What Is VANkulture?
If you've ever attended either of the Wekfest events or any local import car show, chances are you've come across what is known as "VANkulture." Once you see the unmistakable "VK" logo, it's safe to assume that a row of modified vans aren't far away. But what does it really mean? Why do people willingly modify vans? What is VANkulture?
Is it a belief in the almighty being of third-row-seating? The tradition of operating dual sliding doors? The art of being one with the swagger wagon? Quite the contrary, actually; it's much simpler than that. VANkulture allows automotive enthusiasts to share their passion for both cars and family in one integrated lifestyle.
Most members were highly respected tuners of the import car world and have been since well in their teen years. Fast forward a decade or two later, and most of these guys have families and new priorities. They are all happy — in most cases happier now — but it's a different kind of happy. Finally selling that two-door coupe you've spent years building to make room for a new van that fits the entire family isn't always the easiest move to make, but you know it's an easy decision. The VANkulture movement helps scratch the itch of the tuner bug by finding ways to modify vans. Just like when you would search the internet to find the right size Recaro bucket seat for your track car, you will start to look up which wheels will match the Recaro baby seats you recently bought. You will never grow out of the import car scene; you just grow up within it.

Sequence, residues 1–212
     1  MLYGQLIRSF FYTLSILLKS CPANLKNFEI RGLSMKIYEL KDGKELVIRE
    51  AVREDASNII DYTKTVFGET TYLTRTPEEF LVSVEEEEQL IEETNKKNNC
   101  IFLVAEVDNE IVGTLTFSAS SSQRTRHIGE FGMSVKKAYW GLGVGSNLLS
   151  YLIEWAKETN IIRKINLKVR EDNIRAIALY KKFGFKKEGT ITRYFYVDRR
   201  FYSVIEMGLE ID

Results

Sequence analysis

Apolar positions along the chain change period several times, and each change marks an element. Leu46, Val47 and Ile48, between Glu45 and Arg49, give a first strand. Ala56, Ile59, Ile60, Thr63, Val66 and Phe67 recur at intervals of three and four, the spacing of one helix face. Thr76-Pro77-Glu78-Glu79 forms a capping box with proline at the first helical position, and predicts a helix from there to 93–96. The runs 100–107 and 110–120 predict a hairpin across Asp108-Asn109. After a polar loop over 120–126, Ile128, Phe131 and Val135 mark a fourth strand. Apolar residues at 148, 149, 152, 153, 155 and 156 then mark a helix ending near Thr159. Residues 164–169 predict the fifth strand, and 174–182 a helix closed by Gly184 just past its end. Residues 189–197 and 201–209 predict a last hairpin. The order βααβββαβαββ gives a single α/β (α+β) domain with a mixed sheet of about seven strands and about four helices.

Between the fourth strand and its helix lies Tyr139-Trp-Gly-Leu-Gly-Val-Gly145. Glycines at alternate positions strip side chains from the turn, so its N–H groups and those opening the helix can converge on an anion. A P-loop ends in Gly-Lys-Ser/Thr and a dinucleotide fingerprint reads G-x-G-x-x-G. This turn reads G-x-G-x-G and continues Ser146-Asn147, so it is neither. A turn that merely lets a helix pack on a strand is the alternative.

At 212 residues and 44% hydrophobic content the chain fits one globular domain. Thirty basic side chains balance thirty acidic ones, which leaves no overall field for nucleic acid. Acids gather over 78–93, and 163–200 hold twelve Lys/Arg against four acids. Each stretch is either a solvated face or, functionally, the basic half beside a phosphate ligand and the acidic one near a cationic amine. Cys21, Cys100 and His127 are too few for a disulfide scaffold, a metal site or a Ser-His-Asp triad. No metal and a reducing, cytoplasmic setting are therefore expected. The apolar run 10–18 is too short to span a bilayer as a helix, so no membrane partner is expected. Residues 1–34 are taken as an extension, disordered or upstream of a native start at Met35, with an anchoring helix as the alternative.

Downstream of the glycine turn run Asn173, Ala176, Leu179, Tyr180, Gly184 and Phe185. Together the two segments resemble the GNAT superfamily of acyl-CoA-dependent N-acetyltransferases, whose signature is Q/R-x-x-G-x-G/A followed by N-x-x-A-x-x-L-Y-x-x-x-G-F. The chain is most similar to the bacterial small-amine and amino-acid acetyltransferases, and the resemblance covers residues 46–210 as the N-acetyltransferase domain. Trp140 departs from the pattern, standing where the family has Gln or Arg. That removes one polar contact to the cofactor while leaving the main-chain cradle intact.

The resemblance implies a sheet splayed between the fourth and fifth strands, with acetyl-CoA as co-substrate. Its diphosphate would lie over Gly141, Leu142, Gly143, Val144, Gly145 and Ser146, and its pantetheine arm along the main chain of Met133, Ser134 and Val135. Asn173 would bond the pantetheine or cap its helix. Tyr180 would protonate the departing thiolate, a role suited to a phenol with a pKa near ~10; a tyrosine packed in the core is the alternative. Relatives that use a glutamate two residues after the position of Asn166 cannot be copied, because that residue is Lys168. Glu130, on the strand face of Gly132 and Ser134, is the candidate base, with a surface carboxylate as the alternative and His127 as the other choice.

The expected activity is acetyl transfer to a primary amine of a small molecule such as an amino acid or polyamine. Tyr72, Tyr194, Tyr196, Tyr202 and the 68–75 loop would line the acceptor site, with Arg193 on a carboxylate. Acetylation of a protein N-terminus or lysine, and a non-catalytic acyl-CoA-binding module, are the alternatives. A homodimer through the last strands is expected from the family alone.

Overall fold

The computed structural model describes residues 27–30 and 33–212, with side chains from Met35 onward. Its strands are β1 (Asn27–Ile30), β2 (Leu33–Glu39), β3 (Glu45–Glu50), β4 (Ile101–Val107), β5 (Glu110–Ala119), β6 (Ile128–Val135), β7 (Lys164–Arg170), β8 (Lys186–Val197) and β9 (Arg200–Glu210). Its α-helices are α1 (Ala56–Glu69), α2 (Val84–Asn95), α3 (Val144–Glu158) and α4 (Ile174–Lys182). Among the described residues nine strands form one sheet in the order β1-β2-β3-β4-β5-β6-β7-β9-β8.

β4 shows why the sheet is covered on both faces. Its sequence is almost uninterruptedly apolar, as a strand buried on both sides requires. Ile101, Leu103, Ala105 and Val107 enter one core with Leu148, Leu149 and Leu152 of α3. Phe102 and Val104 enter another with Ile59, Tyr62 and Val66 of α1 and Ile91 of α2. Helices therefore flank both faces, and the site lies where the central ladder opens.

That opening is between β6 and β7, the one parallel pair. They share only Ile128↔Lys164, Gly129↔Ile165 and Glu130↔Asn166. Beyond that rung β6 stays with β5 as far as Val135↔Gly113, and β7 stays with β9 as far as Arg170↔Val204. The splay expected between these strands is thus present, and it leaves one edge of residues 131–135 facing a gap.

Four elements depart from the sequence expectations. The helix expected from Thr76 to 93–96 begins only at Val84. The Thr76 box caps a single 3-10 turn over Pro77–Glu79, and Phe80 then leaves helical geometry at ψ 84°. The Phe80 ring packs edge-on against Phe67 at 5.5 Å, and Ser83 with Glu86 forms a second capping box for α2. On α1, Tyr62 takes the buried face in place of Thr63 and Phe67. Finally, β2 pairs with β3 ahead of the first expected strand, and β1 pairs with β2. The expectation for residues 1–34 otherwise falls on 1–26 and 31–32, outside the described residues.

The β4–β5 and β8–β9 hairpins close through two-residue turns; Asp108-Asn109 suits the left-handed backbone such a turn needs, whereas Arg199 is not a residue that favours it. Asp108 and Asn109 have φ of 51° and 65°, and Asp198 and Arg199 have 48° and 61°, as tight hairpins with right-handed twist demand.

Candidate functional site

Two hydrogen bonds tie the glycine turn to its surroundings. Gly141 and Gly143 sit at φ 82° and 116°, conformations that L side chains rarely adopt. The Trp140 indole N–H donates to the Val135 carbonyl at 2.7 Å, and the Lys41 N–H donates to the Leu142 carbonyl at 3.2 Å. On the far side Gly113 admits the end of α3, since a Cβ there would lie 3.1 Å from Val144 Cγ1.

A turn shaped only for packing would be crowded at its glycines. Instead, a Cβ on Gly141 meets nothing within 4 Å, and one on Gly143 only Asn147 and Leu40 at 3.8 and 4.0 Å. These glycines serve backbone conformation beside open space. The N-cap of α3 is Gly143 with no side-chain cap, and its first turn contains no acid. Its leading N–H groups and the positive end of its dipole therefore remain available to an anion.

Needless to say, those part of VANkulture will never be compared to the typical soccer parent. Most of the time, vans are modified simply (and I use that term lightly) as air suspension, fancy wheels and some type of roof storage. But at the other end of the spectrum, the heavy hitters can be seen with full VIP style modifications: JDM conversions, luxury interiors from seats to the headliners, LEDs inside and out, VIP tables and accessories, stereo system and/or air suspension display and much, much more.
Officially, VANkulture was established in 2012 in the San Francisco Bay Area, but it has recently grown worldwide, reaching areas such as Canada, Japan, Philippines and Indonesia. Don't be surprised if you visit your local park and see a row of modified vans with kids running around and eating ice cream while some older dudes are hanging out and laughing; that's just a sign that VANkulture has found you.